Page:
Farenco Shipping v. Daebo Shipping (The "Bremen Max")
CHARTERPARTIES: DISCHARGE OF CARGO WITHOUT PRESENTATION OF BILLS OF LADING AT CHARTERERS’ REQUEST: MISDELIVERY OF CARGO: ORDER OF SPECIFIC PERFORMANCE TO REPLACE OWNERS’ SECURITY FOR RELEASE OF VESSEL FROM ARREST WITH CHARTERERS’ SECURITY: PROPER CONSTRUCTION OF LETTER OF INDEMNITY: WHETHER CHARTERERS OBLIGED TO INDEMNIFY OWNERS
Stephen Hofmeyr QC and Sarah Martin (instructed by Holman, Fenwick and Willan) for the Claimants, Farenco
Lawrence Akka (instructed by Mays Brown) for the Defendants, Daebo
David Mildon QC (instructed by Mills and Co) for the Third Party, Dampskibsselskabet Norden A/S
Robert Bright QC (instructed by Reed Smith) for the Fourth Party, Deiulemar Shipping SpA
1. Where the Charterers had undertaken by a letter of indemnity to put up security for the release of the vessel in case of arrest following the Owners complying with the Charterers’ request to deliver the cargo without production of the bills of lading, an order of specific performance, requiring the Charterers to replace the Owners’ security, was an appropriate remedy because this would fulfil the commercial purpose and intention of the letter of indemnity.
2. Where the Charterers had given an undertaking to indemnify the Owners in return for the Owners complying with the Charterers’ request to deliver the cargo to a named party without production of the bills of lading, the Charterers’ undertaking was not engaged in circumstances where the Owners delivered the cargo to another party without production of the bills of lading.
Case note contributed by Jim Leighton, BSc (Hons), LLB (Hons), LLM (Maritime Law), Trainee Solicitor of Hill Dickinson LLP, Singapore and International Contributor to DMC’s CaseNotes
In March 2008 a cargo of sinter feed ("the cargo") was loaded on board the vessel at Tubarao for carriage to and delivery at Bourgas. Ten bills of lading ("the bills") were issued by Pavey in respect of the cargo.
On the vessel’s arrival at Bourgas the bills were not available. The Owners were requested to deliver the cargo without production of the bills by the Charterers. Clause 68 of the charters providedfor the Owners to allow discharge and release of the cargo on board against a Letter of Indemnity ("LOI") in the following terms:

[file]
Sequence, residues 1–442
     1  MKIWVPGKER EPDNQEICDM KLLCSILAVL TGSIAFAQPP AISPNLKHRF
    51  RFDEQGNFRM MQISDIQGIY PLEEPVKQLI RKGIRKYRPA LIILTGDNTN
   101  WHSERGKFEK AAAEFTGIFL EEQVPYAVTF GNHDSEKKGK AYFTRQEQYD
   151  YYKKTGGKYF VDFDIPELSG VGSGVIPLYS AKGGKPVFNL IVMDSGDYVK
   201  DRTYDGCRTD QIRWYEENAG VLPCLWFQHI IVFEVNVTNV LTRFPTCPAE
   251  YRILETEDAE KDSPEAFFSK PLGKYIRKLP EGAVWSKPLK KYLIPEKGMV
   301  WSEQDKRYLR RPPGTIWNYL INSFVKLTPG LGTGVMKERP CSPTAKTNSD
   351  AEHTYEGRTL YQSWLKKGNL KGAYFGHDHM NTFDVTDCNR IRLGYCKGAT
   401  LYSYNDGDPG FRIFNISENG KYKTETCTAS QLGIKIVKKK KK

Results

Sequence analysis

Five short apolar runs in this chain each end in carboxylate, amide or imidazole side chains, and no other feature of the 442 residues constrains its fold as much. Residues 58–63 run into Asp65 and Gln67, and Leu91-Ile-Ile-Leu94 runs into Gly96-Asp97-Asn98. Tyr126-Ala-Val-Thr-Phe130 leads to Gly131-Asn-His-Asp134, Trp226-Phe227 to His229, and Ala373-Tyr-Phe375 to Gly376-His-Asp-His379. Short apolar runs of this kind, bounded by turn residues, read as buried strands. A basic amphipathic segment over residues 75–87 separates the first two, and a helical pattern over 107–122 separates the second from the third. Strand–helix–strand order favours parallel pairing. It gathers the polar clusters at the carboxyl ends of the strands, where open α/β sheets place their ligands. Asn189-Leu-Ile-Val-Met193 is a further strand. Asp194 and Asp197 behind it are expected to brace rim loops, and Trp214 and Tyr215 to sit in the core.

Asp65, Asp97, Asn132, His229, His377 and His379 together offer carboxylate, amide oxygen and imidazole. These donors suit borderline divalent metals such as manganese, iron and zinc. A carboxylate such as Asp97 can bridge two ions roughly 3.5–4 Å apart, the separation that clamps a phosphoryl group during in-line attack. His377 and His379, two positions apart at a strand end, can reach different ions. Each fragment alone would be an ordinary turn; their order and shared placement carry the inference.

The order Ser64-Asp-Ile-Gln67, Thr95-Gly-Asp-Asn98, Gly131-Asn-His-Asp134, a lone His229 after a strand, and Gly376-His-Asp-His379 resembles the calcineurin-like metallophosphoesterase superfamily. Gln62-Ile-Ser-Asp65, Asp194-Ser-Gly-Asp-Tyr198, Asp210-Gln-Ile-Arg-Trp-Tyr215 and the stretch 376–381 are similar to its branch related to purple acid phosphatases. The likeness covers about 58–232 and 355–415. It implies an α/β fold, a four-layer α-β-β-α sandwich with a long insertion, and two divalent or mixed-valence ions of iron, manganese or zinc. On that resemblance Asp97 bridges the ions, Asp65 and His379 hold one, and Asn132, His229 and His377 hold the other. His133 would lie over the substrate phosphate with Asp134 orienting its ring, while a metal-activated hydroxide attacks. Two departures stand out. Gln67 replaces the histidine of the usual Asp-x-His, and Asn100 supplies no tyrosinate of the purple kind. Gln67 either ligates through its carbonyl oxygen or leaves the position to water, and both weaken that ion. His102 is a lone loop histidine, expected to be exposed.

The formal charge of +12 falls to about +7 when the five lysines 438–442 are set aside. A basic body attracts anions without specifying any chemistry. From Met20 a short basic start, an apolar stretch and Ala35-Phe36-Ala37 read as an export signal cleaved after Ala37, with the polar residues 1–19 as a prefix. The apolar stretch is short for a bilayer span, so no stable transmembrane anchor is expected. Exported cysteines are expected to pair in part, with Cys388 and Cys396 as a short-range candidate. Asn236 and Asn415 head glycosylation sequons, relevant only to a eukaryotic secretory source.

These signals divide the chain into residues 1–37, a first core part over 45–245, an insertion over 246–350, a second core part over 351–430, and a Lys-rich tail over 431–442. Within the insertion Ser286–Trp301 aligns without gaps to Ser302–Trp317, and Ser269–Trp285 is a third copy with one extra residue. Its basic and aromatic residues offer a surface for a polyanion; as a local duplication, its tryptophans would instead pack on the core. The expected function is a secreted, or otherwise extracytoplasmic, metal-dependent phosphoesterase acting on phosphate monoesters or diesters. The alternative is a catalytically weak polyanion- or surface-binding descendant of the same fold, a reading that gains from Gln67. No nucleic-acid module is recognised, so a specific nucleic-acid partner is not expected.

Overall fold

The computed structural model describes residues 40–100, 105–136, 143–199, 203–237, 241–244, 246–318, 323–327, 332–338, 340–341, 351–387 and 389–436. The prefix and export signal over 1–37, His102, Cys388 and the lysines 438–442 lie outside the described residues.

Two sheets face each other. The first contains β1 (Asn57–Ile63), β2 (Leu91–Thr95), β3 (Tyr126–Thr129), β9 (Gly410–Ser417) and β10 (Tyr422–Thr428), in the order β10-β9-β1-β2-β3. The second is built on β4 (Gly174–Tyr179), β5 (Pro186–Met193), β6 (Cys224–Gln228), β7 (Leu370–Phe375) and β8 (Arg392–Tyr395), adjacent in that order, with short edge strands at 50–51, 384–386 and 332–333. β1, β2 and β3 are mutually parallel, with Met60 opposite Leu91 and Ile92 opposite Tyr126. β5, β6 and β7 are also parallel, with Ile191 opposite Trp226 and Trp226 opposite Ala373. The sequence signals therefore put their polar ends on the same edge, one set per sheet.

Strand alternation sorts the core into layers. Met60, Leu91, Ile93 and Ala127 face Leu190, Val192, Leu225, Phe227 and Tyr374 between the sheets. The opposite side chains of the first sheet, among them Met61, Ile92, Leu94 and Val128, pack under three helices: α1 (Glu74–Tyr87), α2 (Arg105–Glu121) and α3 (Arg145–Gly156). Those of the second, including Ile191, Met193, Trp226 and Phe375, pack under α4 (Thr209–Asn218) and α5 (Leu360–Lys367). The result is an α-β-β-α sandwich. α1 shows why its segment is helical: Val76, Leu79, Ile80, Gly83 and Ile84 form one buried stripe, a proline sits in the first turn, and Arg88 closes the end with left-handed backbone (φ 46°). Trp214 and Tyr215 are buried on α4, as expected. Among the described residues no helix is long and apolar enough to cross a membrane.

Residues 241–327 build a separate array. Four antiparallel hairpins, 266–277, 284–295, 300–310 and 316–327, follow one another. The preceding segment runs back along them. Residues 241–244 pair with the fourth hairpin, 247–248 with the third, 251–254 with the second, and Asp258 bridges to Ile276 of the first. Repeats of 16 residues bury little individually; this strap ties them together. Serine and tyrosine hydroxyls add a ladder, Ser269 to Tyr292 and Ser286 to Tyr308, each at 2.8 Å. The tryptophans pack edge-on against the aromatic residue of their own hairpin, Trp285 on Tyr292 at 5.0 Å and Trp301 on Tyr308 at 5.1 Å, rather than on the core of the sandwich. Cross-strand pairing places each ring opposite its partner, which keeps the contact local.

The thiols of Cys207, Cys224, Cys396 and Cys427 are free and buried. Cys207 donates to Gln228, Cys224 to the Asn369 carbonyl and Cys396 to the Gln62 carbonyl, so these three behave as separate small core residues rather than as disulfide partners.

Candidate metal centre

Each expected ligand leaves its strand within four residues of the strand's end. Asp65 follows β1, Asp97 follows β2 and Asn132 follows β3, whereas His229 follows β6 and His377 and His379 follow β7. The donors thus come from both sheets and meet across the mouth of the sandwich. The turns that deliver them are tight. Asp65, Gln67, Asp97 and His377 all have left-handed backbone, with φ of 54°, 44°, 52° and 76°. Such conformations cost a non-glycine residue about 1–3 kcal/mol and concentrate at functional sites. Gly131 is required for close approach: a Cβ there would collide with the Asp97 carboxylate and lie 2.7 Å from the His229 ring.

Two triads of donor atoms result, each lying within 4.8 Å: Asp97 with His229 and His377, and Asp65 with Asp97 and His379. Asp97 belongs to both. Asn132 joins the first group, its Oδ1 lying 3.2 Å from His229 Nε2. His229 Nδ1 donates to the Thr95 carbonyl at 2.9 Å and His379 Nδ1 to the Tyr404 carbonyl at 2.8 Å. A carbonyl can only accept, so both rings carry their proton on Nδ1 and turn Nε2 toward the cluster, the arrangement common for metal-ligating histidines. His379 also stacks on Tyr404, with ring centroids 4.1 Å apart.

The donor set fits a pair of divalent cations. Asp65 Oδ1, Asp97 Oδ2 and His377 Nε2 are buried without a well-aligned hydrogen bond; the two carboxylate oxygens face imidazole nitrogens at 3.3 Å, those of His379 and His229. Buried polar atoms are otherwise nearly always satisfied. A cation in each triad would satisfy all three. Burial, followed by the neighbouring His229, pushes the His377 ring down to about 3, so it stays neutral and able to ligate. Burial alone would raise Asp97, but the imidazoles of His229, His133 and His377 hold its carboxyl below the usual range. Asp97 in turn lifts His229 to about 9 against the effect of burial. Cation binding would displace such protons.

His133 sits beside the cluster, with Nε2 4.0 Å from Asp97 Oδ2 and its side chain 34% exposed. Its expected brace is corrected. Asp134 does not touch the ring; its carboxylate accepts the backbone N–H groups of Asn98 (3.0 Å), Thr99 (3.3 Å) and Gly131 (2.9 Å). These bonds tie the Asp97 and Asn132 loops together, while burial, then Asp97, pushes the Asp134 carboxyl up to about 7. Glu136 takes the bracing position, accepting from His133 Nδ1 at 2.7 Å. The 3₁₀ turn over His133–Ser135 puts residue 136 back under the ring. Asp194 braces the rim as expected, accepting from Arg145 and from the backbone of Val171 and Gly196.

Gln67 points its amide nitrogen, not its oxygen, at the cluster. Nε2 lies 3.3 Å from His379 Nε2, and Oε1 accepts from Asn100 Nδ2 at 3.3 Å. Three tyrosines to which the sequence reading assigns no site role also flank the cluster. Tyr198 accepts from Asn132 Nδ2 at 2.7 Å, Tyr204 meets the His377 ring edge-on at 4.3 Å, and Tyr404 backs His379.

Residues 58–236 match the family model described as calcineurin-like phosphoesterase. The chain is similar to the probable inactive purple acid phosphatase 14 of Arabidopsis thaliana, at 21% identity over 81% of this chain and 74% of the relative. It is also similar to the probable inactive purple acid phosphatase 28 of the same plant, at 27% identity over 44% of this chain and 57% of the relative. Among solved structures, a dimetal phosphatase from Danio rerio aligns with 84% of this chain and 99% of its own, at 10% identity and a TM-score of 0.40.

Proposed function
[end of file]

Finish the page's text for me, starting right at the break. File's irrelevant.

"In case original Bills of Lading are not available at discharge port(s), Master/Owners to allow discharge and release the cargo on board against Charterers' single Letter of Indemnity signed by Charterers only with wording as per Owners' Protection and Indemnity Club recommendation."
A LOI was provided by each of the Charterers to their respective counterparty. Each LOI was in the same form. The LOI provided by Daebo to Farenco provided as follows:
"The above cargo was shipped on the above ship by COMPANHIA VALE DO RIO DOCE and consigned to THE ORDER OF HSH NORDBANK AG, LONDON for delivery at the port of BOURGAS, BULGARIA but the bill of lading has not arrived and we, DAEBO SHIPPING CO., LTD, hereby request you to deliver the said cargo to KREMIKOVTZI AD, SOFIA – BOTUNETZ at PORT OF BOURGAS, BULGARIA without production of the original bill of lading.
In consideration of your complying with our above request, we hereby agree as follows:-
1. To indemnify you, your servants and agents and to hold all of you harmless in respect of any liability, loss, damage or expense of whatsoever nature which you may sustain by reason of delivering the cargo in accordance with our request.
2. In the event of any proceedings being commenced against you or any of your servants or agents in connection with the delivery of the cargo as aforesaid, to provide you or them on demand with sufficient funds to defend the same.
3. If, in connection with the delivery of the cargo as aforesaid, the ship, or any other ship or property in the same or associated ownership, management or control, should be arrested or detained or should the arrest or detention thereof be threatened, or should there be any interference in the use or trading of the vessel (whether by virtue of a caveat being entered on the ship's registry or otherwise howsoever), to provide on demand such bail or other security as may be required to prevent such arrest or detention or to secure the release of such ship or property or to remove such interference and to indemnify you in respect of any liability, loss, damage or expense caused by such arrest or detention or threatened arrest or detention or such interference, whether or not such arrest or detention or threatened arrest or detention or such interference may be justified.
4. If the place at which we have asked you to make delivery is a bulk liquid or gas terminal or facility, or another ship, lighter or barge, then delivery to such terminal, facility, ship, lighter or barge shall be deemed to be delivery to the party to whom we have requested you to make such delivery.
5. As soon as all original bills of lading for the above cargo have come into our possession, to deliver the same to you, or otherwise to cause all original bills of lading to be delivered to you, whereupon our liability hereunder shall cease.